Revolutionising energy infrastructure
In the midst of the renewables revolution, technological advancement and innovation is progressing at an exponential rate and making the race towards a carbon neutral future finally seem like one we can win. This issue we look at the pioneering work of Tesla; the company released its Powerwall home battery earlier this year – potentially providing the solution to powering your home on solar power alone without any need for connection to an electricity grid.
Here at Total World Energy we have the enjoyable problem of having to select just one innovation to focus on each month, but for this issue it was perhaps not as difficult as usual. In the renewables revolution we are currently experiencing, Tesla, the company at the forefront of electric vehicle innovation and headed by the inimitable Elon Musk has come up with a highly efficient home battery that would effectively solve any issues with consistency of supply when using electricity from rooftop solar panels.
This new power storage technology not only has the potential to provide consumers with an affordable, effective way to become independent of a national grid network, but has much more far-reaching potential benefits.
It has been somewhat of a consensus in the ongoing climate debate that in order to achieve a reduction in emissions in enough time to combat global warming and still provide for the world’s power needs, we will have to utilise nuclear power as a reliable way of consistently producing energy. Although statistically considered relatively safe, on the occasion that accidents do happen the consequences are devastating – take Fukishima as an example.
But one thing that may have been underestimated is our own human ingenuity – is it so inconceivable that we may be able to develop the technology and restructure to the extent where nuclear power also becomes obsolete? Can we change energy infrastructure so that consumers can produce enough power at home for their own needs, without impacting the environment?
Earlier this year a very real solution presented itself in the pioneering work of the team at Tesla. The company entered the energy market with a bang, announcing its new suite of cost-effective solar batteries in April of this year for use in homes and businesses – the Powerwall.
Tesla’s charismatic CEO has always wanted to build technology and innovation to contribute towards a sustainable energy future – and has consistently stated that his work has the central goal of progression in the areas of “space, solar and electric cars.”
“The goal is complete transformation of the entire energy infrastructure of the world, to completely sustainable zero carbon,” Musk explained at the Powerwall launch event at the Tesla facility in California.
Retailing at around US$3,000 in the US, the Tesla Powerwall can store up to 10kWh of power from wind or solar panels for use when sunlight is low at peak times such as evenings and early mornings, when grid electricity costs are much higher. The battery will also add energy security to the home, providing a reliable backup in the case of a power outage and will be guaranteed for 10 years.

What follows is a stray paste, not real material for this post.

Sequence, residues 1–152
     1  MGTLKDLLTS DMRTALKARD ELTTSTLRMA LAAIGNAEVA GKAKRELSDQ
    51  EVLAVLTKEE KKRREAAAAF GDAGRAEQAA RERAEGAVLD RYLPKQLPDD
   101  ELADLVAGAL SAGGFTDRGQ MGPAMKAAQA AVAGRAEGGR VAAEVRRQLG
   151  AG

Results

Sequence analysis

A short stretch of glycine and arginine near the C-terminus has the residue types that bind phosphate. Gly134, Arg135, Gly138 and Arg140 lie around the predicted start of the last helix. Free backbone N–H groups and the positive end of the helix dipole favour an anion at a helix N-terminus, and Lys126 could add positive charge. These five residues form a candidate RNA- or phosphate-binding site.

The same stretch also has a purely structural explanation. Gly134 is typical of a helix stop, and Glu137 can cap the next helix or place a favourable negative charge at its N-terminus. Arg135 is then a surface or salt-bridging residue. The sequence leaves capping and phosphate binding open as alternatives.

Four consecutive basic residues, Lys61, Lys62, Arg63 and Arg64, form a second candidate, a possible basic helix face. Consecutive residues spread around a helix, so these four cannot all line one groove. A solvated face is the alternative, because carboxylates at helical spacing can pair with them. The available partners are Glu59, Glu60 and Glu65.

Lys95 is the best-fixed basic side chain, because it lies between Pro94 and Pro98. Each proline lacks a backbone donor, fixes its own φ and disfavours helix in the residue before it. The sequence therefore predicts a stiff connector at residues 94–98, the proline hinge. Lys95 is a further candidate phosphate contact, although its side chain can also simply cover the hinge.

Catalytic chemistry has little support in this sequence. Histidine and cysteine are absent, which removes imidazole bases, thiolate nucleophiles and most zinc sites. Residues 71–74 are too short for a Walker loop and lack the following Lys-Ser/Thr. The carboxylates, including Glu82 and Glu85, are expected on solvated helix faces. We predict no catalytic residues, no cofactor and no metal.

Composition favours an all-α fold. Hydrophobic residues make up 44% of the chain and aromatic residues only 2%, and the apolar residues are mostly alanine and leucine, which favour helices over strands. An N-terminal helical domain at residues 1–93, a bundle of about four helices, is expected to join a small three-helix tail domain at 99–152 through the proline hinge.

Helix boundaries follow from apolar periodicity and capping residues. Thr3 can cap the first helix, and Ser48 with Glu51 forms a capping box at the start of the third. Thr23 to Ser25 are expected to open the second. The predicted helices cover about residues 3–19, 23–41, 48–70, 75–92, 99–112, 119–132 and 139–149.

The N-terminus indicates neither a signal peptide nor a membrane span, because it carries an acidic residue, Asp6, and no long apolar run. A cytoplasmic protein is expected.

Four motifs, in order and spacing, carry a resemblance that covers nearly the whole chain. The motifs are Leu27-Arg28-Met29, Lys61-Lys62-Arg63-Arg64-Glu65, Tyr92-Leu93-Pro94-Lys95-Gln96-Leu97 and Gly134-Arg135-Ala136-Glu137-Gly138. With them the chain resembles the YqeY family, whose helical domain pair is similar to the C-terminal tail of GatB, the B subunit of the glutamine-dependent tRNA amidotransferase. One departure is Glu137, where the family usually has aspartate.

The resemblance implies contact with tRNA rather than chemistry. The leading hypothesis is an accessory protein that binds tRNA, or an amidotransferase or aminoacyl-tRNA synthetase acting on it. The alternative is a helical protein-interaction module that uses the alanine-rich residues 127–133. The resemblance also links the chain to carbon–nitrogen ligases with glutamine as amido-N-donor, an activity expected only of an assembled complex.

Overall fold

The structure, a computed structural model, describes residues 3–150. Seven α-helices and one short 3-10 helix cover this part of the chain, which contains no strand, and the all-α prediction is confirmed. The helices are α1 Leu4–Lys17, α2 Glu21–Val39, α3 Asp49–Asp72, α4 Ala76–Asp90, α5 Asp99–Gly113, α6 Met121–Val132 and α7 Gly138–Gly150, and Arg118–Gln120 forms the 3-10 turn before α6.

The potential for Powerwall is immense – once fitted on a wall in a house the battery could theoretically make solar-powered homes completely independent of the electricity grid, making significant cost savings and eliminating the consumers personal emissions at home in one fell swoop.
The aesthetically pleasing and surprisingly compact device (around four feet by three feet) is available in a range of colours and is expected to go on sale in the United States later this year, with international roll out expected for 2016.
The quality of life potential for Powerwall is also significant – the technology could be a huge advantage in under-developed regions where power supply is unreliable, even in the event that solar power is available.
“This is going to be really great for the poorest communities in the world,” Musk explained. “This allows you to be completely off grid.”
The lithium-ion batteries are recyclable and don’t pollute when discarded. In order to ensure production for what the company anticipates to be a healthy demand, Tesla announced construction of the world’s largest lithium-ion battery plant in Nevada last year, an investment worth US$5 billion to be built in partnership with Japanese electronics giant, Panasonic.
Embarking on this new side to the business, Musk and his team at Tesla could potentially be starting a business in Tesla energy that will eclipse what is currently Tesla Motors. The CEO’s long-term goal is to help move the large economies of the world, such as the United States, away from fossil fuels altogether – using the Powerwall energy storage option as the starting point.
Musk has repeatedly stressed that Tesla’s focus is not on profits but on innovation – with capital being ploughed back in to research and development. A by-product of this focus on quality and innovation over profits is, ironically, a healthy profit margin as the company and its CEO have built up a reputation for excellence.
Musk explains what drives him to focus on innovations such as the Powerwall: “my interest in the future of humanity comes from asking the questions, what is important? What is the meaning of life? And I came to the conclusion that what we really need to do is make sure that life continues into the future.”